8. Good luck with your querying, Authoress! I'm sure you don't need, it but, yeah. There you go.

    And good insight about Twitter. I try to tweet every day, but mostly I lurk. A lot.

  9. I wish you luck as well.

    Speaking of queries, I just a strange rejection from an agent, which I just blogged about. Authoress and commenters are invited to read it, and let me know if you've heard of something similar. Thanks!

  10. Ha! I'm doing a blog post today on querying and researching agents! I love coincidences!
    Great post as usual, and good luck with your querying!
    I just learned what a "dystopian" is. It was pretty close to what I guessed, unlike "Steampunk" which I thought was punk romance, like Sid and Nancy only with a happy ending, LOL.

  11. Before I queried the agent I have now, I followed her on Facebook and Twitter. . .

    Okay, "followed" sounds really wrong. . . but you know what I mean, right?

    I interacted with her on Twitter and Facebook, watched what she posted, etc. I truly believe that's invaluable. If they have a blog, oh yeah. . . follow that too.

    Gotta know if you click with the person, right? Because I didn't want to settle for "just anyone" since I'm in this for the long haul.

    Sorry I rambled a bit. Great post Authoress. Best of luck on your queries.

  12. Just wanted to say best of luck, and I agree!!

  13. We're in the same boat right now, Authoress. Querying and waiting for emails can be maddening! Sometimes it's hard to remember that agents are people, too! Thanks for the reminder...and good luck to you!

  14. Nice post!

    I'm almost at the write-the-query stage. Somehow more terrifying than the write-the-novel stage. :)

  15. The love of your life is a product - whether you like to think it or not - and a product which must be sold to a business.

    I think many writers forget that.

    I often think that the query should be written by anyone other than the author. I've seen queries which are tooooooo close to the plot to see the forest. And sink in a bog of irrelevancies that would make the ten commandments pale into insignificance.


  16. Just started the actual letter-writing part of the query process after years of blog-reading and weeks of research. And I agree, it's a lot less frightening once you get rolling. I feel in control now.

    Jemi: It gets better once you submit.

    (That could be taken several ways, but of course, I mean it in business terms.)

  17. What a fabulous post! My brain is on queries, too, and it is an altered state. It's basically a state where I constantly obsess over my gmail.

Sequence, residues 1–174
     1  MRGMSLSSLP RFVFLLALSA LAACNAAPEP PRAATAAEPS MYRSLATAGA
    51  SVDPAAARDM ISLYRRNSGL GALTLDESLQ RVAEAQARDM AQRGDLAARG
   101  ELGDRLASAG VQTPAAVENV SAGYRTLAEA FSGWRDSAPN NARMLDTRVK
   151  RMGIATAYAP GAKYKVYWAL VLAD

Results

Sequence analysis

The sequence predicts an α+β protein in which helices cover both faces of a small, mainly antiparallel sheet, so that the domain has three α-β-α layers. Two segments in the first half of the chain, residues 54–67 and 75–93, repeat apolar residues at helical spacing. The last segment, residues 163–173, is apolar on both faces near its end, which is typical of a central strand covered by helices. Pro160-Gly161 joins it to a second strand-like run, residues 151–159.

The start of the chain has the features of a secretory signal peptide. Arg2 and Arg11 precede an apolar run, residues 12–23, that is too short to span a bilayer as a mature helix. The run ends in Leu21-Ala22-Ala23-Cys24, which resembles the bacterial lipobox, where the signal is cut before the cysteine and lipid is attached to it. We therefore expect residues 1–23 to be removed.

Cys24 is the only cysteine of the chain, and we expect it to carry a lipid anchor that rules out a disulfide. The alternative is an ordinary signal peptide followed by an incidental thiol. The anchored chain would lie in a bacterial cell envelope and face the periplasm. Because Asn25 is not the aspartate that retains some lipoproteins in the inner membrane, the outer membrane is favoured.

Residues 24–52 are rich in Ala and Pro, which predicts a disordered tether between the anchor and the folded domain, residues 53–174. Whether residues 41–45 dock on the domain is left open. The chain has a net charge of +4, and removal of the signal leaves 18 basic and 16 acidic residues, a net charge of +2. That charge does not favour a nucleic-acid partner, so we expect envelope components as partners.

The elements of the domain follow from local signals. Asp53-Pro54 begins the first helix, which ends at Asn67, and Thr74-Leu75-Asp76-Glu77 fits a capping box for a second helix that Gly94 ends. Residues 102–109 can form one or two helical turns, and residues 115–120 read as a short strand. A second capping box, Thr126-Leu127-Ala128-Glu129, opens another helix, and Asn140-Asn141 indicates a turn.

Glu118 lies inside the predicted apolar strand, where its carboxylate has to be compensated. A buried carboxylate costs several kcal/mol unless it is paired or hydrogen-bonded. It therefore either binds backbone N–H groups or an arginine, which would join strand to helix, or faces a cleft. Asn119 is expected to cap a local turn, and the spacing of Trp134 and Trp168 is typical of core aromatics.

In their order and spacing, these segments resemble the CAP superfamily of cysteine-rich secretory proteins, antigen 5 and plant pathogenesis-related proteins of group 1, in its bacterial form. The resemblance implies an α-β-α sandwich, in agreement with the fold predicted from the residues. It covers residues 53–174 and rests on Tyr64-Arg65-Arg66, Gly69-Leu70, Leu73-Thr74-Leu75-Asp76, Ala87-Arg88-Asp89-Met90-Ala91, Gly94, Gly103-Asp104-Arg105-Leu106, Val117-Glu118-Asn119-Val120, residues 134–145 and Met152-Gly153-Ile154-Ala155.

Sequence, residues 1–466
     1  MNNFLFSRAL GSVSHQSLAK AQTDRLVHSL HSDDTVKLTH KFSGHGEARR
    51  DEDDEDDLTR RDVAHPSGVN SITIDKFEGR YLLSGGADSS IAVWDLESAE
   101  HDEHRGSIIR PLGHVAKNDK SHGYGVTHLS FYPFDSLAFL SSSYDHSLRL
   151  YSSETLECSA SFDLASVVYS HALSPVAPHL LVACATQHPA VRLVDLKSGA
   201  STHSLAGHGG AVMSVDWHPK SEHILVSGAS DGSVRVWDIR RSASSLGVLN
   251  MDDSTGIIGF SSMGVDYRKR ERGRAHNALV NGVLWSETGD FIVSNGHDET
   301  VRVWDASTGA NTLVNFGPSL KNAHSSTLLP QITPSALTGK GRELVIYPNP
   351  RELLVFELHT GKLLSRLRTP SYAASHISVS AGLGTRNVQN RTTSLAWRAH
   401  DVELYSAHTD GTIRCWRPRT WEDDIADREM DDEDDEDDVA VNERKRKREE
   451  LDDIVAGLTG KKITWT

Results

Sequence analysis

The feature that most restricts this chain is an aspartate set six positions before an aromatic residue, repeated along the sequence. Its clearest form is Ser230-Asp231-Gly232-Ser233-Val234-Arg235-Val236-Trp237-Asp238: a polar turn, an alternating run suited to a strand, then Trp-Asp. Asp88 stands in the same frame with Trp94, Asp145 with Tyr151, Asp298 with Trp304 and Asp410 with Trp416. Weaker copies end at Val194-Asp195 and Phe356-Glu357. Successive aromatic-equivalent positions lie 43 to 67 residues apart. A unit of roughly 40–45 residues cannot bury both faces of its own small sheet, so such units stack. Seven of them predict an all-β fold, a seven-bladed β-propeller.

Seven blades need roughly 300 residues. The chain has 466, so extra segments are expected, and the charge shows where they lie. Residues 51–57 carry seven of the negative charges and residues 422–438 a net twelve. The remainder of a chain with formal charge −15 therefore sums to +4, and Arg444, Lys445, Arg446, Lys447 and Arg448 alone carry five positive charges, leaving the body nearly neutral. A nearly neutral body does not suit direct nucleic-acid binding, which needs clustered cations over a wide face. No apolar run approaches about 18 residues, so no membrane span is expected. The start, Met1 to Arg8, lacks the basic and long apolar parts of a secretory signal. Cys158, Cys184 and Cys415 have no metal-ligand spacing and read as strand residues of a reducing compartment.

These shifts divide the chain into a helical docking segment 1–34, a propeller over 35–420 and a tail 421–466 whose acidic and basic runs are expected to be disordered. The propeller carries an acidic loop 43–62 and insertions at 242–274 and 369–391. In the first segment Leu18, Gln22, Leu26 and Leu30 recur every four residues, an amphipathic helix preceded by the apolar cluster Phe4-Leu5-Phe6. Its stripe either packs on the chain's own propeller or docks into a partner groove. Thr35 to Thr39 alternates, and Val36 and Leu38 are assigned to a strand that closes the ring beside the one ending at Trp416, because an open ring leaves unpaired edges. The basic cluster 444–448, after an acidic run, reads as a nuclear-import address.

And I completely agree about twitter. I've become more excited about certain agents b/c of twitter, and less excited about others. ;)

  18. When I queried my first book, I was in a constant state of nervousness. I both looked forward to and dreaded the 'ding' of my email. It was really a horrible experience.

    Once I took a step back, decided my first book wasn't 'the one,' I continued working on my WIP. I wrote the initial draft quickly and had a couple betas read right away to make sure the plot itself made sense and flowed well for them. When it did, I dug into revising. After sending it to my beta's two more times and then revising a final time, I felt like I had it shining as well as I could.

    Two weeks ago I started querying again, and let me tell you, it's been a WHOLE new experience this time. I hardly even remember I've queried until a reply hits my inbox. There is no stress this time, no anxiety. Maybe it's because the responses have been really good so far, or maybe it's because I just decided the stress wasn't worth feeling. I can't be sure.

    I do agree 100% on the tweeting thing. I've actually been a little turned off by a couple of agents on Twitter. But, they are human, they do get discouraged and frustrated too, so I try not to draw too many conclusions from what I read there.

  19. I feel so old and uninformed. I don't get the whole Twitter thing - I can't figure out how to read a specific person's comments. I guess I need to go back to school just so I can understand Facebook and Twitter!

    But best of luck, everyone, with your querying.

    And, if you have an opportunity, check this out. It might be a great way to get some invaluable feedback!